Live-Blogging Marriage Morning


12.10 pm. A reader writes:

I am writing from overseas where I live with my partner of 32 years in a sort of self imposed exile. He has been unable to obtain any sort of residency visa for the USA. We have been looking forward to this day. The phone is ringing off the hook and everyone is saying “you’ll be able to marry and come home.” I think I’m going to go light a candle and thank God and all the people who have fought so long and so hard to make all this possible. Bless you.

Bless the souls of those whose courage in extremis gave me and others the strength not to falter in pursuit of their dignity as human beings and their equality as citizens. We did it in part for those we left behind. And part of the reason I am crying right now is remembering them. I want them to come to the party. I want them to see they didn’t die in vain. Another reader:

I’m surprised by how moved I am – I’m a little choked up. I know I’m going to express this awkwardly. But the decision comes across to me almost like a ray of decency. There’s so much awful stuff coming at us all the time, but here, 5 justices have done something good and human and right. It doesn’t feel like a news story, so much as something good washing over the country. It’s really nourishing.

The world is a better place than it was an hour ago. How often can you say that?


I don’t know about you, but my head explodes when I read the following from Scalia’s dissent: “We have no power under the Constitution to invalidate this democratically adopted legislation.”

You mean like you invalidated a whole section of the Voting Rights Act (just yesterday!) and tried unsuccessfully to sink the entire Affordable Care Act? I’m not a lawyer, and my lawyer friends assure me that Scalia is brilliant, if extremist, but I read that kind of head-turning inconsistency and all I see is a hack, not a brilliant legal mind. And again, I’m not a lawyer, but isn’t the entire purpose of the Supreme Court to review the constitutionality of legislation (democratically adopted or otherwise) and invalidate it when necessary? What a dipshit.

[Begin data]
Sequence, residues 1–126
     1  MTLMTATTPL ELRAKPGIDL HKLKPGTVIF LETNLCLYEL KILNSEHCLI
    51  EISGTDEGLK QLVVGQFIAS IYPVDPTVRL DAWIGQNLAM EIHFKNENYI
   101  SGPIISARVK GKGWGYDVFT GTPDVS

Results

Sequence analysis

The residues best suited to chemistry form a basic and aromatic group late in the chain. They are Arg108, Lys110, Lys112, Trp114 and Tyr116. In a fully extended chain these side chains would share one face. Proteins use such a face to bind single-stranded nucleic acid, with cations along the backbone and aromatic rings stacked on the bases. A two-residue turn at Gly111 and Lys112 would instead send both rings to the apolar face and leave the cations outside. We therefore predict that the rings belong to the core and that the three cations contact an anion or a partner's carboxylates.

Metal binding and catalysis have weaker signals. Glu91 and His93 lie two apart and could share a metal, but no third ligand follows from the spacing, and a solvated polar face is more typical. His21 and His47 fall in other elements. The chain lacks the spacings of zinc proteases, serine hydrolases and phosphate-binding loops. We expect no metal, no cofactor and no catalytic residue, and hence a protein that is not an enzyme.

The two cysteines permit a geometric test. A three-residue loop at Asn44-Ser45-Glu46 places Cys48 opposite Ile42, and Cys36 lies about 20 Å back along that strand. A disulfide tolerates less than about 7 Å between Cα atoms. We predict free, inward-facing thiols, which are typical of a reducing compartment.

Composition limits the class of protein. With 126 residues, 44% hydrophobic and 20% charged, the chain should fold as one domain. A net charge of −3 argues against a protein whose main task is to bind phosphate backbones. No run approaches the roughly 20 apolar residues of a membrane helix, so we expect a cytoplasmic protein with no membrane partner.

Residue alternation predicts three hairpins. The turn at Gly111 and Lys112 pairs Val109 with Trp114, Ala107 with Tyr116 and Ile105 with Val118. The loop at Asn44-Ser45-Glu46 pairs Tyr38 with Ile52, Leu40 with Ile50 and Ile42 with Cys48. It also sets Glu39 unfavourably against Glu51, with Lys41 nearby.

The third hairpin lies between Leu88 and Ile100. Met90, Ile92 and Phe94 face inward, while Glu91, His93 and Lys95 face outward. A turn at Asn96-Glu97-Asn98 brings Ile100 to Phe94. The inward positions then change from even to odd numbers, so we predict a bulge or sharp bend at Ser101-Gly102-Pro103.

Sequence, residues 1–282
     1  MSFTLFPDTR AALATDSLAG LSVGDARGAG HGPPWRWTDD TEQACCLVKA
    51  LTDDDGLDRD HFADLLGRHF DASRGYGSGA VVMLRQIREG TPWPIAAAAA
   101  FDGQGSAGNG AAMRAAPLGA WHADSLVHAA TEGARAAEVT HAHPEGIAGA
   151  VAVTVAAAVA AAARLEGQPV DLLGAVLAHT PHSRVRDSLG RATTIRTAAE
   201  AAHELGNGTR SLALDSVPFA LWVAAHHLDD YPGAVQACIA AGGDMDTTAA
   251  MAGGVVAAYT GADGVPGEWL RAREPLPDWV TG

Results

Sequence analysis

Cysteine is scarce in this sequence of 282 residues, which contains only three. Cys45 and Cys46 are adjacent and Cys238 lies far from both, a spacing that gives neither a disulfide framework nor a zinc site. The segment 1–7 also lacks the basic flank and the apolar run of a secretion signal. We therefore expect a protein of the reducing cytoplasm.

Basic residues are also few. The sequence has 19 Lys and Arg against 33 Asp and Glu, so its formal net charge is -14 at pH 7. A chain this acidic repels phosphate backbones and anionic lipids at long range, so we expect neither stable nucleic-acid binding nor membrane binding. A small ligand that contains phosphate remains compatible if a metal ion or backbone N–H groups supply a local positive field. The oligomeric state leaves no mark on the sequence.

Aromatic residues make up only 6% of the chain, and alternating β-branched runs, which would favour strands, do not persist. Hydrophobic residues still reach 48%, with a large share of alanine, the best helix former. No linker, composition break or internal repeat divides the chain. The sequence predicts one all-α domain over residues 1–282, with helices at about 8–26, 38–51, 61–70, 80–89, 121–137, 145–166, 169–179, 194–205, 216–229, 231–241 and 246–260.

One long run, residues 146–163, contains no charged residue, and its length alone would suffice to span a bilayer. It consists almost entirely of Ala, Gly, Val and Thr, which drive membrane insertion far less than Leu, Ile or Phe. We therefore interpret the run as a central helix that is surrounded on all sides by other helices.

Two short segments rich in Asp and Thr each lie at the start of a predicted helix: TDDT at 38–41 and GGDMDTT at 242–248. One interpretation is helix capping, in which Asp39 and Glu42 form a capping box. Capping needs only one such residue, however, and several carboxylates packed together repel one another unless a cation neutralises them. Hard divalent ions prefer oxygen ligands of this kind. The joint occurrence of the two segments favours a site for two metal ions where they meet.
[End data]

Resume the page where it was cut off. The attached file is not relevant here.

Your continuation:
11.55 am Dueling tweets of the moment:

And I suspect Jesus’ tears were of joy – because more children of God have finally been given the dignity he offered the most despised and marginalized of his time.

11.44 am. Scalia’s dissent was worth a little wait. On gay cases, they are like operettas of dyspepsia, and this one didn’t disappoint. Money quote:

The majority says that the supporters of this Act acted with malice — with the “purpose” (ante, at 25) “to disparage and to injure” same-sex couples. It says that the motivation for DOMA was to “demean,” ibid.; to “impose inequality,” ante, at 22; to “impose . . . a stigma,” ante, at 21; to deny people “equal dignity,” ibid.; to brand gay people as “unworthy,” ante, at 23; and to “humiliat[e]” their children, ibid. (emphasis added).

I am sure these accusations are quite untrue. To be sure (as the majority points out), the legislation is called the Defense of Marriage Act.

To be sure. But defending it from whom? Kennedy explains:

The House concluded that DOMA expresses “both moral disapproval of homosexuality, and a moral conviction that heterosexuality better comports with traditional (especially Judeo-Christian) morality.” Id., at 16 (footnote deleted). The stated purpose of the law was to promote an “interest in protecting the traditional moral teachings reflected in heterosexual-only marriage laws.” Ibid.